COMT val158met polymorphism links to altered fear conditioning and extinction are modulated by PTSD and childhood trauma.

TitleCOMT val158met polymorphism links to altered fear conditioning and extinction are modulated by PTSD and childhood trauma.
Publication TypeJournal Article
Year of Publication2018
AuthorsDeslauriers, J, Acheson, DT, Maihofer, AX, Nievergelt, CM, Baker, DG, Geyer, MA, Risbrough, VB
Corporate AuthorsMarine Resiliency Study Team
JournalDepress Anxiety
Volume35
Issue1
Pagination32-42
Date Published2018 01
ISSN1520-6394
KeywordsAdult, Adult Survivors of Child Adverse Events, Catechol O-Methyltransferase, Conditioning, Psychological, Extinction, Psychological, Fear, Gene-Environment Interaction, Humans, Male, Military Personnel, Polymorphism, Genetic, Stress Disorders, Post-Traumatic, Young Adult
Abstract

BACKGROUND: Risk for posttraumatic stress disorder (PTSD) is thought to be mediated by gene × environment (G × E) interactions that affect core cognitive processes such as fear learning. The catechol-O-methyltransferase (COMT) val158met polymorphism has been associated with risk for PTSD and impaired fear inhibition. We used a large, relatively homogenous population to (1) replicate previous findings of poor fear inhibition in COMT Met/Met carriers with PTSD; (2) determine if COMT association with fear inhibition is moderated by childhood trauma (CT), an environmental risk factor for PTSD; and (3) determine if COMT is associated with altered fear processes after recent exposure to combat trauma.METHODS: Male Marines and Navy Corpsmen of European-American ancestry were assessed prior to (n = 714) and 4-6 months after deployment to Afghanistan (n = 452). Acquisition and extinction of fear-potentiated startle, childhood and combat trauma history, and PTSD diagnosis were assessed at both time points.RESULTS: Before deployment, Met/Met genotype was associated with fear inhibition deficits in participants with current PTSD; however, this association was dependent on CT exposure. After deployment, combat trauma was associated with a modest reduction in fear extinction in Met/Met compared with Val/Val carriers. There were no associations of COMT genotype with fear extinction within healthy and non-traumatized individuals.CONCLUSIONS: These findings support the hypothesis that G × E interactions underlie associations of COMT val158met with fear inhibition deficits. These studies confirm that Met/Met carriers with PTSD have poor fear inhibition, and support further research in understanding how this polymorphism might impact response to extinction-based therapies.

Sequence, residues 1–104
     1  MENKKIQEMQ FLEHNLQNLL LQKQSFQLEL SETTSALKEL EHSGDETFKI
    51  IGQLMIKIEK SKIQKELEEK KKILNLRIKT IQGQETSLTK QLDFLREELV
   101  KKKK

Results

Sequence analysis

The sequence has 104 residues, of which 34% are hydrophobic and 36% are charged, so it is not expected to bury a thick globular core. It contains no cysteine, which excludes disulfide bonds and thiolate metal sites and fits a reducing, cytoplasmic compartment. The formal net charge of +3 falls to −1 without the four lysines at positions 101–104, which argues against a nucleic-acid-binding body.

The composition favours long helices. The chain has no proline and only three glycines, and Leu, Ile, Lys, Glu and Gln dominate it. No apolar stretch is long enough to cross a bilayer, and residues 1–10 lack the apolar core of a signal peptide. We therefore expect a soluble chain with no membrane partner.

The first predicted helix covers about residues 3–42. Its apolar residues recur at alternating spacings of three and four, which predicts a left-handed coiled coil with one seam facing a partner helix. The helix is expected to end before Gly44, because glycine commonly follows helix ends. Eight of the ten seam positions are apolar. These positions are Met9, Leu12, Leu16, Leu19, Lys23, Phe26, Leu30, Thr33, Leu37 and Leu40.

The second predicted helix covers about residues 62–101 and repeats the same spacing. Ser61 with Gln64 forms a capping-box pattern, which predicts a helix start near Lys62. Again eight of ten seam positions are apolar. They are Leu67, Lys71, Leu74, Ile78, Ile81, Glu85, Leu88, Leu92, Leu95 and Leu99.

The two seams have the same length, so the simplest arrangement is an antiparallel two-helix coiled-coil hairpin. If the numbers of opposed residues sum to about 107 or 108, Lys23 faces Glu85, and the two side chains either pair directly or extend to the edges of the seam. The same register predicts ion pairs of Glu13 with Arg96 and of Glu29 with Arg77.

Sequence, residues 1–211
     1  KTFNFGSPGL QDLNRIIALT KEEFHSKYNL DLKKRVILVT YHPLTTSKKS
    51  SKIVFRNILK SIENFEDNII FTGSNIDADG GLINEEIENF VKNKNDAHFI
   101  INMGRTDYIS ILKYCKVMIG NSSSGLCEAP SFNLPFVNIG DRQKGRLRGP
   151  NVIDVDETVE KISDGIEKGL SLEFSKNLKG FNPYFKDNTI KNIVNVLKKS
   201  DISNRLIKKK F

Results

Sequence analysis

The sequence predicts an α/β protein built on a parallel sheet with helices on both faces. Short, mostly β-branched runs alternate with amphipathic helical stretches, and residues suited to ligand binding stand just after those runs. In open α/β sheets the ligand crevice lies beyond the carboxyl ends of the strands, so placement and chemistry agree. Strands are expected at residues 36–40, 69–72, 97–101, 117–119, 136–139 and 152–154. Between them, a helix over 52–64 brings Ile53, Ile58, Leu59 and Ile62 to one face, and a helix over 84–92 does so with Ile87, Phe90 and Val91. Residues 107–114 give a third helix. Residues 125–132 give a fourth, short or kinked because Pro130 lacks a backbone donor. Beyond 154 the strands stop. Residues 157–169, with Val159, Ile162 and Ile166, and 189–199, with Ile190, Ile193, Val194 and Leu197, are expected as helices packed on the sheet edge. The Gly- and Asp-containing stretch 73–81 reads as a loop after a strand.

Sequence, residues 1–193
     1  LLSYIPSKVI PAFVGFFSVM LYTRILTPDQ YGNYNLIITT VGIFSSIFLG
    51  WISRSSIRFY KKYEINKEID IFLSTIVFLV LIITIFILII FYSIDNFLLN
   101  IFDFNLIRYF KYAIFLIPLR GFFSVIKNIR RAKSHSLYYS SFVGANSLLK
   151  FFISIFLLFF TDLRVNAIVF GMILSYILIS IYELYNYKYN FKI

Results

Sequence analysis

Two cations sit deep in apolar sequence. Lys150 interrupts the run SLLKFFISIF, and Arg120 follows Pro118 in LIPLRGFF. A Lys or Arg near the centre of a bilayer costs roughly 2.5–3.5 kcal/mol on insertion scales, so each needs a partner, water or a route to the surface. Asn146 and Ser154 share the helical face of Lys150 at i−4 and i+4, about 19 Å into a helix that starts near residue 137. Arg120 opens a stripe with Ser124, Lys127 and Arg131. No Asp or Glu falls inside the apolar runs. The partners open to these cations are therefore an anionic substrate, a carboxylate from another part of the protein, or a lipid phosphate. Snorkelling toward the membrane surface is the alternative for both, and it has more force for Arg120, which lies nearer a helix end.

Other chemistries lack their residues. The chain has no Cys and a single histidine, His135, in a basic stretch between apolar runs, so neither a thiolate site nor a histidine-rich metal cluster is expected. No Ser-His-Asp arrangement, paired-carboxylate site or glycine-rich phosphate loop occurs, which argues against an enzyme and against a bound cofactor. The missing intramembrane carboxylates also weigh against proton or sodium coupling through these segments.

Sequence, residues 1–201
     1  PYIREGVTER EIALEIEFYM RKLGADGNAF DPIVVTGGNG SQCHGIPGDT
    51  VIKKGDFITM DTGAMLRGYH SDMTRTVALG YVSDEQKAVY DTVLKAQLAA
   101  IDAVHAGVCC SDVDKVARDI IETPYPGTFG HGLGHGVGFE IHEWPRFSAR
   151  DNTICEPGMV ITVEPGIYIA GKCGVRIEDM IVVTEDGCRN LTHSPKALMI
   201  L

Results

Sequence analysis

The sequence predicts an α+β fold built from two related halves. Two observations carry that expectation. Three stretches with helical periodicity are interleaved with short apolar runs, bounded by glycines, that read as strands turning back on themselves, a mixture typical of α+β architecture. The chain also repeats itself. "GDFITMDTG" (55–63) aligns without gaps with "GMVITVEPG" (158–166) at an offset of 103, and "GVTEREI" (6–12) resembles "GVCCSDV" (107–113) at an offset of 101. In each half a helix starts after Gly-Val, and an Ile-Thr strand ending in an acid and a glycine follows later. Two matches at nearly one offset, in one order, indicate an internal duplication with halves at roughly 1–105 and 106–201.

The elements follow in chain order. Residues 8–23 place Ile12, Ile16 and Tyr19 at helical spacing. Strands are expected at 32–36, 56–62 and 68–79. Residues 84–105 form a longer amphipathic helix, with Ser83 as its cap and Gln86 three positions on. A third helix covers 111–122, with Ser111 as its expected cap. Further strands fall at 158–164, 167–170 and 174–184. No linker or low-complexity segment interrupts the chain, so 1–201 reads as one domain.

DOI10.1002/da.22678
Alternate JournalDepress Anxiety
PubMed ID28833952
PubMed Central IDPMC5760328
Grant ListI01 BX002558 / BX / BLRD VA / United States
R01 MH093500 / MH / NIMH NIH HHS / United States
/ / CIHR / Canada